Property fundamentally marks how we as individuals are related both to other individuals and to society at large. In its strongest form, property absolutely excludes others from possessing, using, or in any way controlling what we own. However, others have insisted that basic human necessity (e.g. hunger) may overrule the power of individual property.The English philosopher John Locke offered a theory of property against which all others have since been measured. Locke said that personal property is a natural right, given by God. One line of his argument emphasizes the human need for self-preservation; here property rights are seen as a necessary instrument for peacefully distributing nature's bounty. Second (and more famously), Locke defends the earliest formation of property in a series of four steps: (1) every person owns his or her self and capacity to work (i.e. his or her labor); (2) by mixing what one owns (labor) with nature's common property, we make other things our own; (3) the consent of others is irrelevant to this process of securing property; and (4) "as much and as good" of nature's bounty must be left for others.David Hume criticized Locke, insisting that property is not a natural right but rather a social convention that reflects self-interest and the desire to protect what we own. Jeremy Bentham insisted that only government (rather than society in general) can bestow property rights. Property ultimately involves personal control and security, as often opposed to other individual interests and to the overall interest or advantage of society. This tension is seen in issues like slavery, abortion, euthanasia, organ donation, government regulation, taxation, the power of eminent domain, welfare, and a variety of coercive social programs.More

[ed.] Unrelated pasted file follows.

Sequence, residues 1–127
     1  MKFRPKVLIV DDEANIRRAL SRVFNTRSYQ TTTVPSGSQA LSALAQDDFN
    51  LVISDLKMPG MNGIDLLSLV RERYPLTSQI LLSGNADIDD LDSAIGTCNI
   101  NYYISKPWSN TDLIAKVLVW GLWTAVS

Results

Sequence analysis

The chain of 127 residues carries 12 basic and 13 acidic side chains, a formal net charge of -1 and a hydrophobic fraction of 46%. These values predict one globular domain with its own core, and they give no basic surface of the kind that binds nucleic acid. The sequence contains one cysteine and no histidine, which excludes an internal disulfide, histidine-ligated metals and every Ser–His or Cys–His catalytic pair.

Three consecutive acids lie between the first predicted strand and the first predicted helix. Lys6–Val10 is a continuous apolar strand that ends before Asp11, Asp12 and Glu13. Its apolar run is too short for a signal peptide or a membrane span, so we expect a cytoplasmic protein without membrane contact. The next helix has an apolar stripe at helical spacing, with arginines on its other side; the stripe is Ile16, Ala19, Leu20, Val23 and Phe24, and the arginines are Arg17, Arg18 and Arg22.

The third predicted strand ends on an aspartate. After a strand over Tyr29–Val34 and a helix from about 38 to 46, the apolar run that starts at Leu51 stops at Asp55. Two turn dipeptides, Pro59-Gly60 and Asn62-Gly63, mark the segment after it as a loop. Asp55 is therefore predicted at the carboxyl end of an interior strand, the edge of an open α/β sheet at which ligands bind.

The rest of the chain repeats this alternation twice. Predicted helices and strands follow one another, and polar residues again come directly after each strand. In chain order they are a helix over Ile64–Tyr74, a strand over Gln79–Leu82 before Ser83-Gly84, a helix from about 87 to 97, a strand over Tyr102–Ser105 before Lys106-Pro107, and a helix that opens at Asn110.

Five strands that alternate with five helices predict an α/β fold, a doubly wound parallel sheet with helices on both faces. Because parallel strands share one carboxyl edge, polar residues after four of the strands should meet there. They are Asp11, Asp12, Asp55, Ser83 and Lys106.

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Not encyclopedic, but thought-provoking
- Phil O.
- Terre Spencer